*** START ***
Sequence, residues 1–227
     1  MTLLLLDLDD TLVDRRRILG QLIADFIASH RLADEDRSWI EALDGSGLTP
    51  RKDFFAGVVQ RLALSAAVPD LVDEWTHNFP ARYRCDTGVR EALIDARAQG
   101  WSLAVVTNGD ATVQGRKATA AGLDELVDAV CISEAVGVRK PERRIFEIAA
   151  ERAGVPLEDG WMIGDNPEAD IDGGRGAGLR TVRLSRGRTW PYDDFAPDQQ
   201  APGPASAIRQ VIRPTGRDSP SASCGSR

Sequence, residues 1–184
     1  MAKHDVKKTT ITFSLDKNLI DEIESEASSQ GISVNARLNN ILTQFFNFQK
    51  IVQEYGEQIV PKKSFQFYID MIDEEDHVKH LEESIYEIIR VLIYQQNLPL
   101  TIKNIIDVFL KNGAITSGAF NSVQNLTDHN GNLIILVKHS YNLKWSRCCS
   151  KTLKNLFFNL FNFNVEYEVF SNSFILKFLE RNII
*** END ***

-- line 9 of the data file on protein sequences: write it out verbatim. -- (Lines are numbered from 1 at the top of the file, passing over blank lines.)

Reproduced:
    51  IVQEYGEQIV PKKSFQFYID MIDEEDHVKH LEESIYEIIR VLIYQQNLPL